steve almond

Art arises from loss. I wish this weren’t the case. I wish that every time I met a new woman and she rocked my world, I was inspired to write my ass off. But that is not what happens. What happens is we lie around in bed eating chocolate and screwing. Art is what happens when things don’t work out, when you’re licking your wounds. Art is, to a larger extent than people would like to think, a productive licking of the wounds.
But the real life of a writer resides in showing up at the keyboard every day, with the necessary patience and mercy, and making the best decisions you can on behalf of your people. It’s a slow process. It often feels hopeless, more like an affliction than an art form.
Most of us will have to find our readers one by one, in other words, and against considerable resistance. If anything qualifies us as heroic, it’s that private perpetual struggle.
Put down that magazine, soldier. Forget about the other guy. Remember who you are.
—  Steve Almond
How to open a story

Steve Almond on why many of his favorite opening paragraphs don’t open in media res:

More recently, in medias res has come to signify the idea that a writer is best to open a story—or novel or essay or memoir—with dramatic action rather then exposition. As a teacher of writing I see this constantly, and ninety percent of the time I’m hopelessly lost by the third paragraph…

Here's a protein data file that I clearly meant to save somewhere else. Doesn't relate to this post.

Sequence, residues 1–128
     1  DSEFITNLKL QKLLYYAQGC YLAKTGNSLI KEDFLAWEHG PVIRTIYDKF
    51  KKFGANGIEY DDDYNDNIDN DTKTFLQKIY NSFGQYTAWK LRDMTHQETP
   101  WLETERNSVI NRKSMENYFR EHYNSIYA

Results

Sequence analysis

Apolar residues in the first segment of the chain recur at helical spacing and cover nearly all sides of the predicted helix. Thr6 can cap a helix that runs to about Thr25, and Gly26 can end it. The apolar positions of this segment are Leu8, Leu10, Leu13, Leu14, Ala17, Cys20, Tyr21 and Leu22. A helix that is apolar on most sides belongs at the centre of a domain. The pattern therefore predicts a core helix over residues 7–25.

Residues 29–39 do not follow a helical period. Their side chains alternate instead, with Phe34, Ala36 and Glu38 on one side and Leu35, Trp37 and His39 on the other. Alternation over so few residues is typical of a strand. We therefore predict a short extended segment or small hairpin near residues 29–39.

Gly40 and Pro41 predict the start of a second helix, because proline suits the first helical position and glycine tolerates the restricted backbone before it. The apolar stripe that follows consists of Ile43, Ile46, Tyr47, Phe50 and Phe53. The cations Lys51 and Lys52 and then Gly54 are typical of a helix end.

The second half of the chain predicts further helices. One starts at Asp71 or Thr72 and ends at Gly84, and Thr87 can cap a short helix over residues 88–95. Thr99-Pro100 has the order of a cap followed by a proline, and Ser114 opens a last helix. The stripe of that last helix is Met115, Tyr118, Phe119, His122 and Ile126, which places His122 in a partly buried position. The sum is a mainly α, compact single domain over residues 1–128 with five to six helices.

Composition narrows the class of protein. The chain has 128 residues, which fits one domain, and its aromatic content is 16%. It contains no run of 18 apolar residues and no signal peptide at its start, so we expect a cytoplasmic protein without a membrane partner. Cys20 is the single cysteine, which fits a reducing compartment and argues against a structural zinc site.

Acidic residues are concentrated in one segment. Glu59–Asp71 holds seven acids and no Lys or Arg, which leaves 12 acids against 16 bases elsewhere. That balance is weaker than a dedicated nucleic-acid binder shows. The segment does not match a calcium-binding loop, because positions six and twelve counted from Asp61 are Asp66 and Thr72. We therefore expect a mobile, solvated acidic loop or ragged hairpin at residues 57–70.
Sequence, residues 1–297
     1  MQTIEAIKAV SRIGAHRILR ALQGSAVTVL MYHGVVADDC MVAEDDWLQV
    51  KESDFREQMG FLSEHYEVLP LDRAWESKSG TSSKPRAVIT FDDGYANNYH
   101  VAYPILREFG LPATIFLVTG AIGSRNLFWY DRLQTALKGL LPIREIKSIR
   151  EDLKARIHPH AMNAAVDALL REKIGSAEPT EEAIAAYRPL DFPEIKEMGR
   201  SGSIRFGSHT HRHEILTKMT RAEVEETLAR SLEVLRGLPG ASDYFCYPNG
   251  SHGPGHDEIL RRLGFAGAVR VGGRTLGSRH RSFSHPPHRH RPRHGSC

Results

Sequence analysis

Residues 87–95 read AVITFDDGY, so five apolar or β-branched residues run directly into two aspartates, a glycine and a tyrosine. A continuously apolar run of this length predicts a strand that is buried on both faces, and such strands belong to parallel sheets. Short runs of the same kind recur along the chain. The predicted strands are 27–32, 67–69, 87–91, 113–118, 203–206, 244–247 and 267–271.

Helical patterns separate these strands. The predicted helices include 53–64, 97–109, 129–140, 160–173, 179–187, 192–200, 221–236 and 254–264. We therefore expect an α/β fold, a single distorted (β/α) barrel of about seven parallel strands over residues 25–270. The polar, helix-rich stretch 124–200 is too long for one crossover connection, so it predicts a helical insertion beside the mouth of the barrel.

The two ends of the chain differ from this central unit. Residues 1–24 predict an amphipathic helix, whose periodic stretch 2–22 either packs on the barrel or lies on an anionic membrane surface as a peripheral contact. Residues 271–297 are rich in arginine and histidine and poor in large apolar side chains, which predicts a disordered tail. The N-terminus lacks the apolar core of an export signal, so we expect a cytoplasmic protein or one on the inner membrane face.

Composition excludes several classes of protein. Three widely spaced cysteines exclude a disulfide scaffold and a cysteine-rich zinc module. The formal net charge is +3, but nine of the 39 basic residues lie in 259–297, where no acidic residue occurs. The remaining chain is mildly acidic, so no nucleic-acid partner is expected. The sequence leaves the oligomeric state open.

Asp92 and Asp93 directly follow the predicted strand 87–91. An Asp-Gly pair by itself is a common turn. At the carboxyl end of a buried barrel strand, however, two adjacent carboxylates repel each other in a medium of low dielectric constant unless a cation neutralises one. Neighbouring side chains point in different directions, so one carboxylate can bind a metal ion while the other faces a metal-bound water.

…a strong opening doesn’t have to grab the reader by the throat and throw them into the middle of the action. In fact, all things considered, most readers would rather not be grabbed at all. Instead, we are often most drawn in by those authors who can calmly promise us a compelling story and invite us along for the ride.

Reminds me of what Vonnegut said:

Give your readers as much information as possible as soon as possible. To hell with suspense. Readers should have such complete understanding of what is going on, where and why, that they could finish the story themselves, should cockroaches eat the last few pages.

Emphasis mine.

I refuse to beat my chest over a grief that belongs to others, or shout about how terrorists messed with the wrong city. I find no virtue in braying over the capture of a teenager whose toxic grievances, and misguided loyalties, led to such senseless ruin. It is sad, all of it. The greater sadness for me is that America feels increasingly like a nation united by spectacles of atrocity. We pay attention, and open our hearts, only when violence of a random and gaudy enough variety strikes. But it shouldn’t take such calamity to awaken our decency, nor our devotion to causes of genuine moral progress. That, frankly, should be the price of our citizenship.
—  Steve Almond, at TNR
In his extreme youth Stoner had thought of love as an absolute state of being to which, if one were lucky, one might find access; in his maturity he had decided it was the heaven of a false religion, toward which one ought to gaze with an amused disbelief, a gently familiar contempt, and an embarrassed nostalgia. Now in his middle age he began to know that it was neither a state of grace nor an illusion; he saw it as a human act of becoming, a condition that was invented and modified moment by moment and day by day, by the will and the intelligence and the heart.
—  John Williams, Stoner, quoted in Steve Almond’s essay about the book